Four sets of workers in particular will benefit from the nanobusiness opportunity:
- The unemployed – providing opportunities to get them working again.
- The underemployed – helping them fill up their spare time to make more income.
- The flexitarians – workers that are seeking more flexible working arrangements because of their domestic or life circumstances. This might be because they need to look after children or elderly relatives, or because they aspire to be semi-retired, or because the time they have available to work is periodic (for example, students).
- The shortfallers – because it provides additional income to households that have fallen into debt or who are living paycheck to paycheck and struggling to make ends meet.
Why nanobusinesses are important for the ICT sector
There's a huge opportunity for ICT firms is to better target and support these workers by providing them with the services they need to engage in this dynamic sector. At a simplistic level this boils down to connectivity but, depending on the type of nanobusiness, there are a wide variety of value-added ICT services that such workers need. Monetising this opportunity, however, requires service providers to be able to understand and target the opportunity accurately. For example:
- nanobusinesses rely on their mobile devices as essential tools to sell their labour, goods and services, and to connect with customers. They also need a host of other ICT services to enable them to create, deliver their services and run their businesses
- bigger businesses that want to utilise the services of nanobusinesses require communications, collaboration and cloud-based solutions to acquire and manage the skills they need from nanobusinesses, distribute work, and organise workers from anywhere in the world.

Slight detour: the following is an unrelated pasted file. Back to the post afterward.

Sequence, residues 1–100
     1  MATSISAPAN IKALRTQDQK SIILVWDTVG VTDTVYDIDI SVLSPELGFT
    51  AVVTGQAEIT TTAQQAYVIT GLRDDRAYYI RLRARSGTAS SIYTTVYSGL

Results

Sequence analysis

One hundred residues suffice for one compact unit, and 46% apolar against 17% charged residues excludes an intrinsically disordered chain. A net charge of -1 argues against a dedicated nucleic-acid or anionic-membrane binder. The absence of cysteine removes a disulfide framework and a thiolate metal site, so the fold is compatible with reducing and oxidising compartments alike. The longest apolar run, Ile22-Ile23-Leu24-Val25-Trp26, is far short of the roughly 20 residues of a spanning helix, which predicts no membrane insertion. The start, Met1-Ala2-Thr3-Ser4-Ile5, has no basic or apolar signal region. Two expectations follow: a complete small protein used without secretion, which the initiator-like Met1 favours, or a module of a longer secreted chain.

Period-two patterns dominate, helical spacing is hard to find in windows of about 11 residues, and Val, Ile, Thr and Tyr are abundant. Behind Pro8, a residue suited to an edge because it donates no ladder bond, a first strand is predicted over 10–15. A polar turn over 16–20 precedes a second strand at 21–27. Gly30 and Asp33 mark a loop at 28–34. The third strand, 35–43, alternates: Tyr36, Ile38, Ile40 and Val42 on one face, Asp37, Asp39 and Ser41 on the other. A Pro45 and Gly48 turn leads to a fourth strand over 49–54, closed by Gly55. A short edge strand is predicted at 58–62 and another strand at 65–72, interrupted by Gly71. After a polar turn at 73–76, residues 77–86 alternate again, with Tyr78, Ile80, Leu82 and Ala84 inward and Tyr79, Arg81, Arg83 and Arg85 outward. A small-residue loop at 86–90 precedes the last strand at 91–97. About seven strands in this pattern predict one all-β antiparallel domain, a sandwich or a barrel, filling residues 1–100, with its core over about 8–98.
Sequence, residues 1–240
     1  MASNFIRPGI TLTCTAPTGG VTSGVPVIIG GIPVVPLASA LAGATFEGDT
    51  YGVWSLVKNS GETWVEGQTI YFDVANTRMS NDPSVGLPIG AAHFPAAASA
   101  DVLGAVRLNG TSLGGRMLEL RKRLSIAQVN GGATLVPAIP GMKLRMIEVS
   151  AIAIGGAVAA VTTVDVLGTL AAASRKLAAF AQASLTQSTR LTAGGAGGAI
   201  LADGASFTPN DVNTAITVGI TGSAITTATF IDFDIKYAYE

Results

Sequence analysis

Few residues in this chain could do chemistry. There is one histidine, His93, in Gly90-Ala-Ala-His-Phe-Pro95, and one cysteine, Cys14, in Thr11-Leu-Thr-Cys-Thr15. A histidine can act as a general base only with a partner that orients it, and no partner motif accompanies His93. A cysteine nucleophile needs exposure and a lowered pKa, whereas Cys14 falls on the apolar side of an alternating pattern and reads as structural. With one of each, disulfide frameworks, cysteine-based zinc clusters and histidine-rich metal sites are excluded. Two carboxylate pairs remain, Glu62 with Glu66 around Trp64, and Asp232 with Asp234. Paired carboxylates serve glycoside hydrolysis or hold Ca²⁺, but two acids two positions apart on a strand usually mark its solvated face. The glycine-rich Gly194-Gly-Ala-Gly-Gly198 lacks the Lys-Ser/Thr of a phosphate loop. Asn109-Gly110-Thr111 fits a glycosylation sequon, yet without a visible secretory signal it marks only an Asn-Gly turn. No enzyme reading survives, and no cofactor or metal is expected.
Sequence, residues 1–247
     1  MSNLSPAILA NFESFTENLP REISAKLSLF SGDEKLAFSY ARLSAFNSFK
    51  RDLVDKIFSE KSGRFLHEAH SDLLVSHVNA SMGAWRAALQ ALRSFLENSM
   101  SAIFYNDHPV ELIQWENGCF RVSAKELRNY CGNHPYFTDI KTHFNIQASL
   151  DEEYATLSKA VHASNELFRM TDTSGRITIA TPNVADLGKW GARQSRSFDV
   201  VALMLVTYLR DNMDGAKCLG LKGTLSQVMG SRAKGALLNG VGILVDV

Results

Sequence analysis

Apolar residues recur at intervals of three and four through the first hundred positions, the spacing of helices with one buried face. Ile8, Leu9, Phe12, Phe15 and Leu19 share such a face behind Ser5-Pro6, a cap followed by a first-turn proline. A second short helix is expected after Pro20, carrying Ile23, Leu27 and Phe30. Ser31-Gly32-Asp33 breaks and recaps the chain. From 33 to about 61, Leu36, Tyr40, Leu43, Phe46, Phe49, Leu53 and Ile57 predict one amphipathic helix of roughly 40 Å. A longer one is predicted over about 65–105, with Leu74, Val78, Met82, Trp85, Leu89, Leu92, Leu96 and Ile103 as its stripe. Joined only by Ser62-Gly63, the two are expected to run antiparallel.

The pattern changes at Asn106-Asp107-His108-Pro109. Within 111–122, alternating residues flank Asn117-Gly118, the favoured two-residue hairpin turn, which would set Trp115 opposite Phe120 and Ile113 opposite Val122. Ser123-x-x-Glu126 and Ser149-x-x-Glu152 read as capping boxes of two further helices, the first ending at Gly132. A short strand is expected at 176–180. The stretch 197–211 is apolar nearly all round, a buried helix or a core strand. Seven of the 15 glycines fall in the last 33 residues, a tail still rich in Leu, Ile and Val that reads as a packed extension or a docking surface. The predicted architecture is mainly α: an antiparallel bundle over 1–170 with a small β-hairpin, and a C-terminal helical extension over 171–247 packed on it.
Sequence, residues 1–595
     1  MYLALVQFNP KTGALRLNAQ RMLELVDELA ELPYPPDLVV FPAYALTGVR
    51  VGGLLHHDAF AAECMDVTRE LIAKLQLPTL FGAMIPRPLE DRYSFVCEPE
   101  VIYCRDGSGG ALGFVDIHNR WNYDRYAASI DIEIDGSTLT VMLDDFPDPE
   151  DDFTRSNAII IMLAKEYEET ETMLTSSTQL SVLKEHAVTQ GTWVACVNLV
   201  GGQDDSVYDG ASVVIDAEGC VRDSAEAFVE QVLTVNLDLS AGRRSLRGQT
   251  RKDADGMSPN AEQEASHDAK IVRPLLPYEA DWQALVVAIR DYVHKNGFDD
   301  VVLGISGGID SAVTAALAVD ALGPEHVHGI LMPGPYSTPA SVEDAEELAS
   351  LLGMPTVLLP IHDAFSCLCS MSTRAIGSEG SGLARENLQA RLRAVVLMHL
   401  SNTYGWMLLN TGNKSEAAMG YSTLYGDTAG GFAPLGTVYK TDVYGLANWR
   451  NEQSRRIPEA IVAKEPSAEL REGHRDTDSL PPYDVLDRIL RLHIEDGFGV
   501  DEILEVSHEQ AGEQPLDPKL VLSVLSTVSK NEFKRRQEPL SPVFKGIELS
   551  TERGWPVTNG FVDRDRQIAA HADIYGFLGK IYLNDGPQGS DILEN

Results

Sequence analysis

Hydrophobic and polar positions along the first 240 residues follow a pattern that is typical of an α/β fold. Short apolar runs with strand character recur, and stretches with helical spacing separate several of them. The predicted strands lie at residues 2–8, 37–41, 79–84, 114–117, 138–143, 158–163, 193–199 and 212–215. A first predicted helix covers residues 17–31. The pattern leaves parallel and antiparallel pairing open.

Instead of selling technology such as 5G or FTTP, ICT firms should take a more customer-centric approach and focus on what customers do with technology building blocks to create profitable, configurable solutions that address nanobusiness needs. Importantly, to be profitable, such businesses need to be supported in a highly automated fashion using self-care, self-provisioning and even self-configuration.
The advent of the nanobusiness market clarifies the opportunity as the side gig goes mainstream. Nanobusinesses will continue to break down the barriers between work and play, liberate labour and services from location, and drive new forms of flexible working that allow people to work when it suits them. They are opening up new pools of workers who previously found it hard to work in a more formal environment, and increasingly this isn't just students and parents balancing childcare, but the Silver Workforce that wants to continue working beyond traditional retirement age. In short, nanobusinesses are here to stay and will form an increasingly important component of the future of work. The only question is: are you geared up to support them and to benefit from the opportunity they present?
Teresa Cottam, Chief Analyst, Omnisperience